China may be harvesting organs from a large number of prisoners, according to a new report.
State-run media says there are about 10,000 organ transplants in China each year. But this study claims that number could actually be somewhere between 60,000 and 100,000.
"Even if voluntary organ donations in China have gone up, they can't reach this level. This is live organ harvesting," said Ethan Gutmann, an author of the study.
The research comes from the International Coalition to End Organ Pillaging in China. The authors are testifying in front of the U.S. Foreign Affairs Committee on June 23.
China said in 2014 it planned to stop using organs from executed prisoners, but if this report is to be believed, that didn't happen.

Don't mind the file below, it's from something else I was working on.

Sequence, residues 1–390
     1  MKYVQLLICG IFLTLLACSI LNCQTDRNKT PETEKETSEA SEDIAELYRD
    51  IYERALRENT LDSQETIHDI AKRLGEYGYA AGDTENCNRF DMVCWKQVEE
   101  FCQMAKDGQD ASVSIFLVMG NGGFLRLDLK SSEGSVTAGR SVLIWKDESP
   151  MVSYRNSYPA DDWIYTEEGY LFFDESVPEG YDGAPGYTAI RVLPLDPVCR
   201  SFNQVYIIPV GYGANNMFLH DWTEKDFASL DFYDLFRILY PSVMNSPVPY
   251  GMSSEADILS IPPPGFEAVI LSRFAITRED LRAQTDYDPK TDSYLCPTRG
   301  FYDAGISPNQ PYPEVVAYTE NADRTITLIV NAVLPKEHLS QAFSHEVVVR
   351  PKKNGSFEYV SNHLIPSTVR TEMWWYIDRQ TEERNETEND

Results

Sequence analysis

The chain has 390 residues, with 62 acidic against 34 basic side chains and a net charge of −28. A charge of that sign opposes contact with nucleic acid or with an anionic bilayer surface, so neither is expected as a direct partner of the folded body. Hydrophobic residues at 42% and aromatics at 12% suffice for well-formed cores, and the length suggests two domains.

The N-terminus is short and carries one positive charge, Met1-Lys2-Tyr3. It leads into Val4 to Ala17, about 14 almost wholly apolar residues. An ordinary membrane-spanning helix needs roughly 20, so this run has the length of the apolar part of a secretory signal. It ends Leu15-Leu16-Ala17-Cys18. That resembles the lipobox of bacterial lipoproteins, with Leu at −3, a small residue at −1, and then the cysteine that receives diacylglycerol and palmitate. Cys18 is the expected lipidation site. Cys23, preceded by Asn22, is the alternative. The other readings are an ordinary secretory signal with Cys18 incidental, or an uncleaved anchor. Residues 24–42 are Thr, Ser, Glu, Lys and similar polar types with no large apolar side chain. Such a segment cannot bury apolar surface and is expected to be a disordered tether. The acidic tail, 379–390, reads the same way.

The report accuses China of using organs from executed prisoners, many of whom were being detained for political reasons, such as Christians or members of ethnic minorities, like the Uighurs.
The authors say they drew these conclusions from interviews with doctors in China and statements and records from Chinese hospitals.
But a spokeswoman for the Chinese foreign ministry called the accusations "imaginary and baseless" and said they lack "any factual foundation."
China has one of the lowest organ-transplant rates in the world. If the Chinese government is to be believed, only about 10,000 of the 300,000 organ transplant operations needed every year are fulfilled.
In comparison, the U.S. performed almost 29,000 transplants in 2013, with roughly 121,000 needed.
It could be because of the low donation rate that the Chinese government is accused of harvesting the organs of executed prisoners — a practice that has long been criticized by governments and human rights groups alike.
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